He added that upon his arrival he was taken to a rural area in Cambodia where he was beaten and held captive in a room due to insubordination, and after a few weeks he was sold to another place. work allegedly run by Chinese nationals.
He told the translator that he had been sold a total of three times to Chinese-run places.
Eric said he was given a cell phone at his last place of employment in Cambodia.
He explained that he worked for a phone scam company and had been there for a month.
He added that they had been warned against using the mobile phone to call outsiders, to take photos and videos and to send information about the area.
However, he managed to get the Luyang Assembly contact from his friend and contacted Ginger Phoong.
The first contact between Eric and Phoong was on August 9, where Eric also shared his exact location.
He added that he had met other Malaysians who were also being held like him, although he was not sure if any of them were from Sabah. Most of those detained were Chinese nationals.
Eric also shared that he was being held in a 13-story hotel-like building and there were 10 groups consisting of 10 or more people for each group on each floor of the building.
Eric said he escaped the place during a police and immigration raid, which took place a few days ago.
He added that he was able to collect his passport and took a mobile phone from the premises where he worked before leaving for the airport.
Eric explained that he managed to contact his friend to ask him to book him a flight from Cambodia to Kuala Lumpur.
He arrived in Kuala Lumpur on September 24 and was received by Phoong at the airport. The latter paid for his accommodation and his flight to Sabah.
Meanwhile, Phoong, who arrived with Eric from Kuala Lumpur said that after receiving the latter’s message asking for help, he immediately contacted Eric’s family and asked them to file a report. police and ask Interpol (the International Criminal Police Organization) to interfere.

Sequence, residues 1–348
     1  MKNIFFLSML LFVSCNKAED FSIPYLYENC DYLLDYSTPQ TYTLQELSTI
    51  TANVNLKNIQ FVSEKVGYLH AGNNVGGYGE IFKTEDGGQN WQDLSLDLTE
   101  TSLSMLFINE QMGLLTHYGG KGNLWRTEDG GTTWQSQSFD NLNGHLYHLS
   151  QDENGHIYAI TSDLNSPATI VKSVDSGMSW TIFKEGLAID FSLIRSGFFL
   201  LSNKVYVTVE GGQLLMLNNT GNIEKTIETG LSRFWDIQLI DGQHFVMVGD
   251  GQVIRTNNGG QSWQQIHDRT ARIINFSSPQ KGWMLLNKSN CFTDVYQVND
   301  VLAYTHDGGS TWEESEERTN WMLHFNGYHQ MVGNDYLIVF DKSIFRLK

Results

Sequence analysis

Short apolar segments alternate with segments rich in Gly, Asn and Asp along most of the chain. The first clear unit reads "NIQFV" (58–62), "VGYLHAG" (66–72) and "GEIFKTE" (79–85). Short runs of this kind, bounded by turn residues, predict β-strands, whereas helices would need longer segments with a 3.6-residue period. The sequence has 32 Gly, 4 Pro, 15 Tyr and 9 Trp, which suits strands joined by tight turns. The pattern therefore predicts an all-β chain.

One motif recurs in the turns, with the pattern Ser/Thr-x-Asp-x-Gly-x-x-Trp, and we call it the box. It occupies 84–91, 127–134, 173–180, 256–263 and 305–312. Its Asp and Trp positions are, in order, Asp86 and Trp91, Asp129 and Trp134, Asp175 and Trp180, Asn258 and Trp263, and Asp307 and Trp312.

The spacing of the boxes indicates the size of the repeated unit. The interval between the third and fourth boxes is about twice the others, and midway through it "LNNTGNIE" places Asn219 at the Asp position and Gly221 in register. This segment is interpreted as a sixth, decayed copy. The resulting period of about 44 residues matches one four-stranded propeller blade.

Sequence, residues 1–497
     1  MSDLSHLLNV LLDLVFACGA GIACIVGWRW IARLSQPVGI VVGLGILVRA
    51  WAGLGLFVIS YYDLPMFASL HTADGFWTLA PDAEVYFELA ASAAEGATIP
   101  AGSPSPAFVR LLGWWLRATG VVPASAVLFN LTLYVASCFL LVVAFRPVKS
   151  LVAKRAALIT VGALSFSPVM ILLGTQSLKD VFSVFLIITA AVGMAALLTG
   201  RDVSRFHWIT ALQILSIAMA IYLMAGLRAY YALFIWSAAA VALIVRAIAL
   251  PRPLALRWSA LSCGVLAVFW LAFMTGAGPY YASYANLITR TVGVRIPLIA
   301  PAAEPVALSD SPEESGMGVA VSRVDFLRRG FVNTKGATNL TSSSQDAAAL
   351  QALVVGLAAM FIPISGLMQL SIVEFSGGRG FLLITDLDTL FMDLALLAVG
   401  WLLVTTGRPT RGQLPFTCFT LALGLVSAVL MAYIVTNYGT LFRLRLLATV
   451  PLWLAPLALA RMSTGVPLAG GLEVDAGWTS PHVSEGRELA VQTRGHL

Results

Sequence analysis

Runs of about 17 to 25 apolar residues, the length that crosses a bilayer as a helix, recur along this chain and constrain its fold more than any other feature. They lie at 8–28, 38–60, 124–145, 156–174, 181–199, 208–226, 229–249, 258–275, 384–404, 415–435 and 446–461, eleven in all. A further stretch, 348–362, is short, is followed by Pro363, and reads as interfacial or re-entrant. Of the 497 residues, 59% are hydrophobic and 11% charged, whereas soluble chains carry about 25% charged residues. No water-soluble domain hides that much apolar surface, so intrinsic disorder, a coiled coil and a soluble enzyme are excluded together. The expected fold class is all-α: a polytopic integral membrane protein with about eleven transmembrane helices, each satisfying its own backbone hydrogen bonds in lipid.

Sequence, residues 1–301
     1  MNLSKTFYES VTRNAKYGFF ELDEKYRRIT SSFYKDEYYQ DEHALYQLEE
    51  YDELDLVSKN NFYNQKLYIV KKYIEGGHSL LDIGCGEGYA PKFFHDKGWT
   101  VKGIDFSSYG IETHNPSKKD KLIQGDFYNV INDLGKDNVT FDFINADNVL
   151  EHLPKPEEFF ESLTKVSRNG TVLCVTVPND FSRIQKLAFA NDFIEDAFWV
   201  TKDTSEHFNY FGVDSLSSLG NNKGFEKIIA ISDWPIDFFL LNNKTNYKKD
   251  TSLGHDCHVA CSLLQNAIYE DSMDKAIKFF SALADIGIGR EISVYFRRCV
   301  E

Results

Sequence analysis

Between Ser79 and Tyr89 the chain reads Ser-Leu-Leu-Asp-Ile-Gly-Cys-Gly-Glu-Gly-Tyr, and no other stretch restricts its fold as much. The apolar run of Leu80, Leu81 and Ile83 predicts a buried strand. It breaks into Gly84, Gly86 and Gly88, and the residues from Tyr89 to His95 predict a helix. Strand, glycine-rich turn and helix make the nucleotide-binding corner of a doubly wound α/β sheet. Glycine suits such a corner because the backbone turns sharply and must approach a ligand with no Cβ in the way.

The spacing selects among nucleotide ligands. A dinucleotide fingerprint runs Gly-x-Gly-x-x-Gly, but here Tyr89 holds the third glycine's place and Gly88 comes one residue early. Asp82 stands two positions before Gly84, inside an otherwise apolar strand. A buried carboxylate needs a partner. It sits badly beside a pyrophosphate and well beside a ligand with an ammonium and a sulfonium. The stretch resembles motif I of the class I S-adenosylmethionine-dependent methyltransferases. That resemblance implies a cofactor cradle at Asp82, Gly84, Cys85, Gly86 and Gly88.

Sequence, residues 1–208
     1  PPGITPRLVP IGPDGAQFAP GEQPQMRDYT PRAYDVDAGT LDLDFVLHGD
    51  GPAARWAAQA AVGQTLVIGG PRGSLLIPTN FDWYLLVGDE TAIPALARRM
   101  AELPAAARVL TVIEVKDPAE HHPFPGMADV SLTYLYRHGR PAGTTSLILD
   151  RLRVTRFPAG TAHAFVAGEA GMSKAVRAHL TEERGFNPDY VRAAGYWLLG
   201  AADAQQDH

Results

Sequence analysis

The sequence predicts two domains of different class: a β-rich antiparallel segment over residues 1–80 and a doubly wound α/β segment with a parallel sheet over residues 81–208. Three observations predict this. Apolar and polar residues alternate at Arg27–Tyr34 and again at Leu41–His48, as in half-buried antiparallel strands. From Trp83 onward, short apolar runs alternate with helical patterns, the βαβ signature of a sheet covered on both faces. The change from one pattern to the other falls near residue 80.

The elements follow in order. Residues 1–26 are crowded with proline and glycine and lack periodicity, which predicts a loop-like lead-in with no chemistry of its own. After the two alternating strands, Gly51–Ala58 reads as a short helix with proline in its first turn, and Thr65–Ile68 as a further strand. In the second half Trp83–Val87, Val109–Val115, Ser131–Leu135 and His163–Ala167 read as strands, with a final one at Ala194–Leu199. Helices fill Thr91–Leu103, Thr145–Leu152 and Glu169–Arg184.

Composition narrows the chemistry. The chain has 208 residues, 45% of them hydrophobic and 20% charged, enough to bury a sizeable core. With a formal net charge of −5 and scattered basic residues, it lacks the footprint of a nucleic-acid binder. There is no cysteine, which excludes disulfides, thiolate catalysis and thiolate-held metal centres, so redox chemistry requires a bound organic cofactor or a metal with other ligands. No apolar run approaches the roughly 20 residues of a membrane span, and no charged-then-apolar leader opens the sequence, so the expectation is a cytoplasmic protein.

Phoong said Eric was using a Cambodian number starting with 855, the country code.
He added that he had also contacted the Ministry of Foreign Affairs as well as the Malaysian consulate office in Cambodia.
Phoong also said he received a text message from Eric again on September 19 which informed him that there was a police raid and many people were running.
“I asked him to report to the police but he has a trust issue. I don’t blame him. He can’t trust anyone. I informed the consulate office and Wisma Putra about the authorities’ operation which took place from September 19 to 24. Eric managed to escape on the 24th,” he said.
Phoong said this is the first such case involving a Sabahan that has been received by his office.
“I had asked him to give me more information about his parents so he could start communicating from there…he gave me his aunt’s number,” Phoong said.
He added that Eric’s aunt made the police report with the help of a political liaison officer.
When Eric returned to Malaysia, Phoong urged him to share his story with other Sabahans as it was unheard of in Sabah.
“I persuaded him to hold a press conference and urge other Sabahans not to fall into the trap. We have heard so many stories from Peninsular Malaysia, but not locally in Sabah,” he said. — Borneo Post